Lovingly polished to perfection, roughly 130 cars were recently on display at the Indian River County Fairgrounds for a Centennial edition of the Vietnam Veterans of Indian River County’s ninth annual Car Show to support veterans’ assistance programs and housing.
“We’ve had it at the Elks Lodge on Father’s Day for eight years and we moved it to here for the Centennial because of the venue; they were gracious enough to supply it for us,” said event organizer Craig Waskow, a Vietnam veteran and Elks Lodge member. “We’re open to anything: antique, classic, modern-day cars. Anything that people enjoy driving.”
For the benefit of the cars, owners and visitors alike, the unique beauties were parked out of the sun – some in the outdoor Expo Pavilion and others in the air-conditioned Expo Exhibition Center.
Vehicles included everything from a jazzy 1923 Ford T Rocket perched atop a 1927 Chevrolet Car Hauler, to modern-day Corvettes, with original, restored, modified and even home-built designs in the mix. Cars with vibrantly colored exteriors sat beside glossy classics with gorgeous hood ornaments and flashy headlight caps; the sharp tailfins of yesteryear Cadillacs alongside ‘horseless carriages’ with rumble seats and running boards.
Asked if he had a favorite – other than his own bright red 1970 Buick Skylark convertible – Waskow said diplomatically, “I’m not partial to anything really; I like them all. I appreciate them for all their values, all their uniqueness and what they represent. I think what we have here today, with the exception of maybe half a dozen, the cars are all American.”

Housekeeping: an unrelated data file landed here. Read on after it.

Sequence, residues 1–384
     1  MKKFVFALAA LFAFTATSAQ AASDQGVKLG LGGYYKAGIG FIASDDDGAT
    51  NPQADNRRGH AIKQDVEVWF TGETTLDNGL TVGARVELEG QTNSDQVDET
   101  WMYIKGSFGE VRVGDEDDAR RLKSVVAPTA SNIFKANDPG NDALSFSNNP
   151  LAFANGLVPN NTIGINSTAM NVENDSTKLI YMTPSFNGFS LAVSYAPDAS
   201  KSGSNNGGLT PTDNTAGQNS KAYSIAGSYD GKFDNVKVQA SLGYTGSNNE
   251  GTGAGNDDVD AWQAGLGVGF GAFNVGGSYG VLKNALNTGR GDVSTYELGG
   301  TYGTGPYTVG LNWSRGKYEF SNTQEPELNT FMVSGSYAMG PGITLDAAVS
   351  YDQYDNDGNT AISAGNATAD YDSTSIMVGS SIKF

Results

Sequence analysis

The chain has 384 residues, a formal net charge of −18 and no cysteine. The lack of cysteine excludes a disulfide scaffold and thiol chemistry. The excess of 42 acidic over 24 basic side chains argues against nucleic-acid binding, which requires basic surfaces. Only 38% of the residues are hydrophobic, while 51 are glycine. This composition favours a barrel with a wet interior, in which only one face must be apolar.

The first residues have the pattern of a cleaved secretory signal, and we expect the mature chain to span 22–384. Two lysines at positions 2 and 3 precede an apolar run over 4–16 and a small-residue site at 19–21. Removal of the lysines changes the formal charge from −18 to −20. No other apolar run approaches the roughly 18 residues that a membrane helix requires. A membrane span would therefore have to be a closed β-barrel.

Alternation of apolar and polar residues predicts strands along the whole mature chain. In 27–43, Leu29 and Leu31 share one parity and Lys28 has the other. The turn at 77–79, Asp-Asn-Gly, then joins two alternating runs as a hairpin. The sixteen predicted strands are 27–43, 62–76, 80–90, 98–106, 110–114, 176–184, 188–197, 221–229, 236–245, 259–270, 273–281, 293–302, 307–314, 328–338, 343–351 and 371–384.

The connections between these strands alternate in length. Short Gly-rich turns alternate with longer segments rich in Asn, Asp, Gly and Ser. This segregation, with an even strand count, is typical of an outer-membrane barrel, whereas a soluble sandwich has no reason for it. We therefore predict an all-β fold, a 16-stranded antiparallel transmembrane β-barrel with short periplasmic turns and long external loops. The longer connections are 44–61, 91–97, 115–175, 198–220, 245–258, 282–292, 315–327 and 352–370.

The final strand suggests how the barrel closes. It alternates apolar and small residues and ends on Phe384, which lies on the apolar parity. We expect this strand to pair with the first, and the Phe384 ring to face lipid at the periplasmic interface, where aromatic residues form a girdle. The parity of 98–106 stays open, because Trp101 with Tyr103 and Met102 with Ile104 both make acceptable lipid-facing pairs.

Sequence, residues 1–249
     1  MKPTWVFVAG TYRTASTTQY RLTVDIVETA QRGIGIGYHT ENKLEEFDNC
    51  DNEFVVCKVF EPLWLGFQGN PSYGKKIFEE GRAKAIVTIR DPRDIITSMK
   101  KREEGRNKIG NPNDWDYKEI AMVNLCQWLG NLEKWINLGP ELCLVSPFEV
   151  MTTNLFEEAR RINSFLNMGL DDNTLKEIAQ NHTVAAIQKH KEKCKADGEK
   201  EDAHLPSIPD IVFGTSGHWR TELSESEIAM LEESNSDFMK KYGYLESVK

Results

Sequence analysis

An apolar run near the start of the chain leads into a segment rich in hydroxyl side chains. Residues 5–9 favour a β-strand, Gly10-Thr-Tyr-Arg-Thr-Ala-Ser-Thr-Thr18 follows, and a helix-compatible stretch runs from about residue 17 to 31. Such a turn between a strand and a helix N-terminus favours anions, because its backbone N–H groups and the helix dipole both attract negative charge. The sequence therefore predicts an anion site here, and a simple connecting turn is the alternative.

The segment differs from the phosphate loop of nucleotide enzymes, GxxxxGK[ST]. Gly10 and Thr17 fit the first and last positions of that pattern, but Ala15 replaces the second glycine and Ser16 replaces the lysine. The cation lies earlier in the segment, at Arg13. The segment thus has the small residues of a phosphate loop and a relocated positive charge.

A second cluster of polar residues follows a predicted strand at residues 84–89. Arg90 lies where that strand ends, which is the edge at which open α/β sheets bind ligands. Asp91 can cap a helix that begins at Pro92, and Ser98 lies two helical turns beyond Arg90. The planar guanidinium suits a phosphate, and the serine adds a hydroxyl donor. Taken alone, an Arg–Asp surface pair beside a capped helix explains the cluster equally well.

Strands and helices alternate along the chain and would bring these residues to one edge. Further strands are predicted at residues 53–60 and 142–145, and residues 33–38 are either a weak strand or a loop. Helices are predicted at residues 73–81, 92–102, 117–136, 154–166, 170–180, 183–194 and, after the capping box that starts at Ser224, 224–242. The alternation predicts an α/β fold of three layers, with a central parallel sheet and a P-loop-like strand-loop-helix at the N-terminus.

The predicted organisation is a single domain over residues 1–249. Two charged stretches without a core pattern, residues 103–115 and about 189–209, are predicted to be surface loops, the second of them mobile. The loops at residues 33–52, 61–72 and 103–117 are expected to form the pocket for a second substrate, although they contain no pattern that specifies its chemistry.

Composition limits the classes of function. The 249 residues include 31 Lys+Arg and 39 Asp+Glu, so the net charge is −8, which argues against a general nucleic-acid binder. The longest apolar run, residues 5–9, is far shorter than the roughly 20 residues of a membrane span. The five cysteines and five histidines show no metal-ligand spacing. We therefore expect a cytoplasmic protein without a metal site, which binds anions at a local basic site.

Tim Nightingale, VVIRC president, said he hadn’t picked a favorite either, adding, “I worked for General Motors for 32 years so anything General Motors works for me.”
Commenting on some of the programs the event would help fund, Nightingale said, “Presently we’ve got 16 beds that we put vets up in to keep them off of the streets; we’ve got three different houses right now. We work with Every Dream Has a Price and manage the housing and also help with the funding. We also have what we call a Vet Court (Veterans’ Treatment Court).”
Nightingale explained that Judicial Circuit Court judges assign a veteran to mentor and assist other vets accused of non-felony related crimes, helping them to get their lives back on track.
Waskow estimated that there are currently between15,000 and 17,000 veterans living in the county, with the majority now from the Vietnam era. VVIRC meetings are generally held the first Wednesday of the month at their offices at 696 8th Court. New members are always welcome.
For more information, visit VVIRC. org.